Hobby Lobby: The First Martyr Under Obamacare?
December 26 was a fitting day for Supreme Court Justice Sonia Sotomayor to refuse judicial relief to the Hobby Lobby craft store chain, whose Christian owners object to certain requirements of the Affordable Care Act. On the calendar of Western Christianity, December 26 is St. Stephen's Day, the day that honors Christendom's first martyr.
It appears that Hobby Lobby may go to the rack on this one. The company opposes a provision in the health care legislation that requires them to pay for birth control methods that may result in abortion. Following Sotomayor's decision, Hobby Lobby issued the following statement: "The company will continue to provide health insurance to all qualified employees. To remain true to their faith, it is not their intention, as a company, to pay for abortion-inducing drugs." And the full penalty of law—experts say Hobby Lobby could be fined to the tune of $1.3 million per day—would be the death knell for the company.
Apparently, that death would be more desirable to the company's owners than potentially funding the deaths of developing human beings. The litigation centers on the requirement that employers provide insurance coverage that includes, according to the U.S. Department of Health and Human Services, "all Food and Drug Administration approved contraceptive methods, sterilization procedures, and patient education and counseling for all women with reproductive capacity." Some of the government-approved "contraceptive methods" may actually work by inducing early abortion in making the uterine wall inhospitable to a fertilized egg, according to the drugs' own labeling. This—not bona fide contraception, but abortion—is what Hobby Lobby's owners object to.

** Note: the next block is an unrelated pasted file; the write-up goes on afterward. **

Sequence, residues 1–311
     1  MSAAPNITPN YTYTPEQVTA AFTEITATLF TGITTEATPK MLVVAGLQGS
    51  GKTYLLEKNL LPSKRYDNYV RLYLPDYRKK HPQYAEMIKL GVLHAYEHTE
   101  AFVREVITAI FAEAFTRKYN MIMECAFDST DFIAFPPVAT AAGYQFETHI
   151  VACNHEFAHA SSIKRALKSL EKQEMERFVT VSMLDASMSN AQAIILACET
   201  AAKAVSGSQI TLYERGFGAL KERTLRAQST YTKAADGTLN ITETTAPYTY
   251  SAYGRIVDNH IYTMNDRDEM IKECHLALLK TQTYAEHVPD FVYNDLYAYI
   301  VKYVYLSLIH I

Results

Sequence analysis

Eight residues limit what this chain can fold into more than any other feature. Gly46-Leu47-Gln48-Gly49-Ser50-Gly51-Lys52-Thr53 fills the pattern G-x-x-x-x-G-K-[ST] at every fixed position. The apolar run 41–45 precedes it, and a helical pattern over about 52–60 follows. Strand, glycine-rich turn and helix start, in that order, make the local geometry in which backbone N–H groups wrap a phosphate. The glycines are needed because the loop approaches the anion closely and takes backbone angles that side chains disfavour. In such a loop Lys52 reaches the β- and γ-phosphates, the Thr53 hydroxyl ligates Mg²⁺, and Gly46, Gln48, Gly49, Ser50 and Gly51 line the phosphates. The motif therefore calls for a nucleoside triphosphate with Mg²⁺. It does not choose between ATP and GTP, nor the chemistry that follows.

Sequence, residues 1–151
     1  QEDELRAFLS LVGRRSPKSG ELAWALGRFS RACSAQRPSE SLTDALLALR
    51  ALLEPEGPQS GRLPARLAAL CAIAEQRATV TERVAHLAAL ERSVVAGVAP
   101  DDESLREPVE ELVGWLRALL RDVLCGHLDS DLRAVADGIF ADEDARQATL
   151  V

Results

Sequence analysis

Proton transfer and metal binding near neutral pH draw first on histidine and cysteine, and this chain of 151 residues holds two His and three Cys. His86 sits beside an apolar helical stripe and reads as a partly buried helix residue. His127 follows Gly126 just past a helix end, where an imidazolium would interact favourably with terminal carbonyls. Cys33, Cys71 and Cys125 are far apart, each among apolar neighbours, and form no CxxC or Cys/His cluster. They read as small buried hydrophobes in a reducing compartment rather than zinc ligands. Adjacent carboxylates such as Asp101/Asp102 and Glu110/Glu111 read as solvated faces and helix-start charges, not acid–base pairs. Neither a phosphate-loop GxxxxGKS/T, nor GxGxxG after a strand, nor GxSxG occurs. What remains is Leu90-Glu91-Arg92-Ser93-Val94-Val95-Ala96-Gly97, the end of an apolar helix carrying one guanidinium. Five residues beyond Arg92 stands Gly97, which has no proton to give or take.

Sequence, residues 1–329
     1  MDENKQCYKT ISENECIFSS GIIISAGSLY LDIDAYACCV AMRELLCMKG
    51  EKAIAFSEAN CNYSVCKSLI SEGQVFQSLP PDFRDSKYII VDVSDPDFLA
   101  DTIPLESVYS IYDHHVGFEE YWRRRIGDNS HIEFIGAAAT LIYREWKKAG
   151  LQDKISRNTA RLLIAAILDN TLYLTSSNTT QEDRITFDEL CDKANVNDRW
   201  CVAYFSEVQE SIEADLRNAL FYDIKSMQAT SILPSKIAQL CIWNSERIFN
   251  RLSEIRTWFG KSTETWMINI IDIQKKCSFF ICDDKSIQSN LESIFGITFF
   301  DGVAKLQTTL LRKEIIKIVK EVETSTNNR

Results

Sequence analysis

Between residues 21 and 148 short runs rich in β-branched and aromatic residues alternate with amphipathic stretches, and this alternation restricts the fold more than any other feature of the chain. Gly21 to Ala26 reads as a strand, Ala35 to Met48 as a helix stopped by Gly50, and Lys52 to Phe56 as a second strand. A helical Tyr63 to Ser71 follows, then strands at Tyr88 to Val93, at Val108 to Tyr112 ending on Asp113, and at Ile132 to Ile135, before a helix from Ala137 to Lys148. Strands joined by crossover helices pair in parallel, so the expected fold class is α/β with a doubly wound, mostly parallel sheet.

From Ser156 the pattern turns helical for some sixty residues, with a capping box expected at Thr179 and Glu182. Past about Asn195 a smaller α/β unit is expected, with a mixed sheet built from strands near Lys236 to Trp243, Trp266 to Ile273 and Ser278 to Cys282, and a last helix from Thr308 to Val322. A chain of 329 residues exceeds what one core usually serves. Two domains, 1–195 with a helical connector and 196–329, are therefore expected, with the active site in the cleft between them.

So earlier this year, Hobby Lobby sued the federal government for violating their Christian owners' religious freedom. While churches and houses of worship are exempt from the regulation, and a narrow exemption was added for some nonprofit religious employers, the exemption does not cover businesses owned and run by private citizens with religious objections to abortion and/or contraception.
Justice Sotomayor ruled on the request because she handles emergency appeals from the 10th Circuit Court. In denying the appeal, Sotomayor said that Hobby Lobby failed to meet "the demanding standard for the extraordinary relief," but can continue to pursue its challenge through the lower courts.